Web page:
You might imagine your favorite signed rapper reclining in a mansion, surrounded by gilt-framed Supreme posters, and contemplating how best to show off their new video game character-inspired chain to an Instagram Live of 6,278 followers.

But Young Nudy is outside.

Our first call for this interview got pushed. The 28-year-old rapper, born Quantavious Thomas, chose to go to a local mall with his family instead. And when we talk a day later, the sounds of giggling kids and an ice cream truck jingle fill the air behind him. His face, forehead, dreads, and blue skies cycle through the screen in that order as he twirls the FaceTime camera absentmindedly as he talks. The air is fresh and he’s in good spirits.

“I’m a neighborhood type of nigga, so I still go to my neighborhood and shit,” he says, stomping through crunched leaves to find a quieter spot as voices fade into the background and he nods to someone who addresses him as “Slime.” “I like to come out here and kick it, maybe barbecue and shit. But not on no bullshit though, just on some chill shit.”

If every rapper is a breath of fresh air, Nudy is the freshness of your first acid trip. He isn’t your most technically gifted lyricist, mastermind of melodies, or avant-garde spitter who sledgehammer-smashes brand name drops into each of his verses. But on the flip side, he isn’t a devilish rap troll with numbered face tattoos or a memeable lyricist inspiring a cult of followers. Nudy stands in another realm entirely, muttering into the microphone of a funhouse. That’s a shit description, but there’s nothing that quite easily explains his music — and that’s what makes him one of the most intriguing rappers in the industry today.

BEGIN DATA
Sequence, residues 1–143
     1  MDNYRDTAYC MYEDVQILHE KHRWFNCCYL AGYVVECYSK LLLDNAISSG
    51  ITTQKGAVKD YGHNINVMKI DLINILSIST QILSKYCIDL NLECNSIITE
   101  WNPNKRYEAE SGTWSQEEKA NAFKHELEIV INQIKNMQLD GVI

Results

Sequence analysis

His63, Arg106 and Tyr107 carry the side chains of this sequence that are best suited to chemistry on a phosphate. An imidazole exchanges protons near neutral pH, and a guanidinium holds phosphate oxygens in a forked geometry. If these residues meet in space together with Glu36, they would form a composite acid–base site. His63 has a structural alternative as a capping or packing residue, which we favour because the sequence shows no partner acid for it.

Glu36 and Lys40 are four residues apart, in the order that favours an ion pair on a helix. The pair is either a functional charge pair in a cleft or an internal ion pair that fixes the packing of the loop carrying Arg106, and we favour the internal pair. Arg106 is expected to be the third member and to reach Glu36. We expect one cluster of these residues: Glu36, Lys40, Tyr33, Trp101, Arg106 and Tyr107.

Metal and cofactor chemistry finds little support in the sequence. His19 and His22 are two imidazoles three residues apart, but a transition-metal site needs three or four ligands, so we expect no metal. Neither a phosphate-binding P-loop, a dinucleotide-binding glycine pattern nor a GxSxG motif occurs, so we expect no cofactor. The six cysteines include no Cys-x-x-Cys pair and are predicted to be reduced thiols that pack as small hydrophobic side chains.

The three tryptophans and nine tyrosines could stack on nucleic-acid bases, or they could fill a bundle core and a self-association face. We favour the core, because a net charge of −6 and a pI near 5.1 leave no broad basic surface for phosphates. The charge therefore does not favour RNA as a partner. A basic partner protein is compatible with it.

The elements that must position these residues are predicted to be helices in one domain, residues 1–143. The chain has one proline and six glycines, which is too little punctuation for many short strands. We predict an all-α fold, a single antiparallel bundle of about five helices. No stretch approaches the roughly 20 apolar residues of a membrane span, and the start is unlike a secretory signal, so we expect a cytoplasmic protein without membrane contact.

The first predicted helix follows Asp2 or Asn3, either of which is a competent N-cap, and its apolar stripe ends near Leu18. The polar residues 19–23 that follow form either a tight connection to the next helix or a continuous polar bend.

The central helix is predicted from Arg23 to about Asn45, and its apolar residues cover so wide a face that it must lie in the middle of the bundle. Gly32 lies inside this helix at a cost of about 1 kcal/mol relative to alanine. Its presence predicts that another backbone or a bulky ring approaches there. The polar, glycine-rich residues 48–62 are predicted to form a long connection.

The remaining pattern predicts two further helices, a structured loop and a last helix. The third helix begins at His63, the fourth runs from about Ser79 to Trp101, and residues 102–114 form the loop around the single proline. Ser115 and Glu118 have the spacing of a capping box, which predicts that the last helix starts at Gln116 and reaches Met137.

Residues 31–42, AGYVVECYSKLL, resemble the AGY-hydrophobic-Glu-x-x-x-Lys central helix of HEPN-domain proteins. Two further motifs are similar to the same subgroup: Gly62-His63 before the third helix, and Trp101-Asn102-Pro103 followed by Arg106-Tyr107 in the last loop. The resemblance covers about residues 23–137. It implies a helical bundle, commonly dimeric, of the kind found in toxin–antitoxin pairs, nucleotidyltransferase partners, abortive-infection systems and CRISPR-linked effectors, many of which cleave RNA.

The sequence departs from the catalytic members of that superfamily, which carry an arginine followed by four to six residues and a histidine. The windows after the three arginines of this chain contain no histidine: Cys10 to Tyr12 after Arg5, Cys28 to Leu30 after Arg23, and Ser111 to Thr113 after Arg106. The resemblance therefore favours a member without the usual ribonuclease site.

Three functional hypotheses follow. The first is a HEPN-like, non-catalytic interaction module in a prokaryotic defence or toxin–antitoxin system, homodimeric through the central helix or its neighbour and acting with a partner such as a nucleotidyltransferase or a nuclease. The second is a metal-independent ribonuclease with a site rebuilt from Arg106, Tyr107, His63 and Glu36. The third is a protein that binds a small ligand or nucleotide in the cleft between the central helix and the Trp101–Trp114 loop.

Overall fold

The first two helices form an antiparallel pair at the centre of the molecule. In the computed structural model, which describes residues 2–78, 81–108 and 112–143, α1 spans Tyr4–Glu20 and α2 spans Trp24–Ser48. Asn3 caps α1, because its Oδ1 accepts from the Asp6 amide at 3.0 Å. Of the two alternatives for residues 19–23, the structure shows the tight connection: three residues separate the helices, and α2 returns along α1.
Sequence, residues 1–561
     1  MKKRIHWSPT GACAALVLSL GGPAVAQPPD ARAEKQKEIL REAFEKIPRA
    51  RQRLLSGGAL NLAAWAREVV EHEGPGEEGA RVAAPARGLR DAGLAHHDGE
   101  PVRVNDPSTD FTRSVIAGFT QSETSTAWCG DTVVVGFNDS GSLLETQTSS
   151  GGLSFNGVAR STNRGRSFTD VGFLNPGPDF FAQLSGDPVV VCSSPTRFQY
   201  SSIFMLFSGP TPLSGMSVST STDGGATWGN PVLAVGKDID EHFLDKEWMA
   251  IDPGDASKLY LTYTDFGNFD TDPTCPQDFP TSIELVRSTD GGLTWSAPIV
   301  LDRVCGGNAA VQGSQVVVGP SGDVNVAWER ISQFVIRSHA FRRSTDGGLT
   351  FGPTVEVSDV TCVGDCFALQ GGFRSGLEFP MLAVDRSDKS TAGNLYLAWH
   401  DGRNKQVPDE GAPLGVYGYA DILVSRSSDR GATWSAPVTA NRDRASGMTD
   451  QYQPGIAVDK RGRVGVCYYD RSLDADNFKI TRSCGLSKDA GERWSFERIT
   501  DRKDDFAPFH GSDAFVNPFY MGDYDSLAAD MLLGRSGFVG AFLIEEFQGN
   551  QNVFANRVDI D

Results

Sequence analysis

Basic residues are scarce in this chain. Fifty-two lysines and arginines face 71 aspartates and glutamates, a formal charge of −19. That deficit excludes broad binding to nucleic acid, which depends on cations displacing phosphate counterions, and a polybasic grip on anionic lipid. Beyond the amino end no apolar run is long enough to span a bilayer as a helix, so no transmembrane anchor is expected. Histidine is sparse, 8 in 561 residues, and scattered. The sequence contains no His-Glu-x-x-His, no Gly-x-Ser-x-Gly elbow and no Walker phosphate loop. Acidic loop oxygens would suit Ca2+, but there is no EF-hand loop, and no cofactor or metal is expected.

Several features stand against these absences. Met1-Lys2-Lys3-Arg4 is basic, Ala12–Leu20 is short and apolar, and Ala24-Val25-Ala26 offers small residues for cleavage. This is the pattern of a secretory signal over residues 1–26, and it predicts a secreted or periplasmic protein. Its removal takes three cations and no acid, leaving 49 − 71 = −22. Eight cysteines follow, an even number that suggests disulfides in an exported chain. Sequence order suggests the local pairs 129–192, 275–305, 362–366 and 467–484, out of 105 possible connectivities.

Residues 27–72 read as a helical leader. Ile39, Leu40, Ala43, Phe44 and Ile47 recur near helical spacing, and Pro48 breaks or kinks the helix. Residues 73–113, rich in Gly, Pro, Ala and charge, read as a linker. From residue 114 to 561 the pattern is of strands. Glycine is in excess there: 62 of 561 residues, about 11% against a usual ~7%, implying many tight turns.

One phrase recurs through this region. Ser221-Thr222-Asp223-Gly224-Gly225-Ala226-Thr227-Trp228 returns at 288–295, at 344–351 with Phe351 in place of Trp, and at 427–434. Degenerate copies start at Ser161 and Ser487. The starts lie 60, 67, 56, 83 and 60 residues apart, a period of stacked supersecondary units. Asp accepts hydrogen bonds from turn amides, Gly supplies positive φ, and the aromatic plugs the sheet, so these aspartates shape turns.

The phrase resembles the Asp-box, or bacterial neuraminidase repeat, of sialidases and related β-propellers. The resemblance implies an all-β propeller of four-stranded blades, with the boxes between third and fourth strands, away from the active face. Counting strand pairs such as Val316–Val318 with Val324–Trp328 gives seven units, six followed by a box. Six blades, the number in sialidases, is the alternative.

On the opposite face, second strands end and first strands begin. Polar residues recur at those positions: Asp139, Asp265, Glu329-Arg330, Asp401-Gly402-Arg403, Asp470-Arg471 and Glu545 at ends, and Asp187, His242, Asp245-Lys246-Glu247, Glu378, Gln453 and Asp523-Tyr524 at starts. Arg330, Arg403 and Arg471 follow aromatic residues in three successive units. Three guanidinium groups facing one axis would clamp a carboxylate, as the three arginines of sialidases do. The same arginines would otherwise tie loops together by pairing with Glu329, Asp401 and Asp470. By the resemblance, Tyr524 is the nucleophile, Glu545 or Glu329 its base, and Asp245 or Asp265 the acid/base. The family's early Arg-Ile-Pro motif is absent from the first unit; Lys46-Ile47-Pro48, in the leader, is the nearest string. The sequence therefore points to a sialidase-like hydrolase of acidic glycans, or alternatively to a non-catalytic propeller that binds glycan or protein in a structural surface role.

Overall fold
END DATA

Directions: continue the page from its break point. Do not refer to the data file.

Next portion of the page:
To be so idiosyncratic, it usually takes some kind of predisposition towards rap. You know what I mean — the hard-on that every rapper had for the craft when their parents played Nas, Lauryn Hill, Jay-Z, or some other lyricist that was every hip-hopper’s Michael Jordan growing up. Not for Nudy. He just started doing it. “I ain’t really have no motivation on why I just started rapping,” he says. “It was just some little shit that I was doing. It wasn’t no goddamn plan type shit, like “Yeah I want to be a rapper.”

Nudy got into it in 2014 with the release of “Off the Head.” He was rough around the edges, but that comes from being green. Then another song, “Learn To Get Dat Money” with LV, came out (and actually ended up going viral later for how ridiculously loud that Nudy rapped “GET YOU SOME MONEY”) that proved Nudy had a long way to go.

But luckily for him, his cousin, rapper 21 Savage, actually started making music that year, leading to his development potentially being expedited tremendously via the success of 21’s debut single, “Picky.” By the next year, 21 Savage’s debut project The Slaughter Tape found him quickly becoming a stalwart figure in Atlanta’s buzzing rap scene, while Nudy, growing slower, was finding his place. Nudy decided to finally take rap seriously after he collaborated with 21 for “Air It Out,” and saw that people were responding to his verse.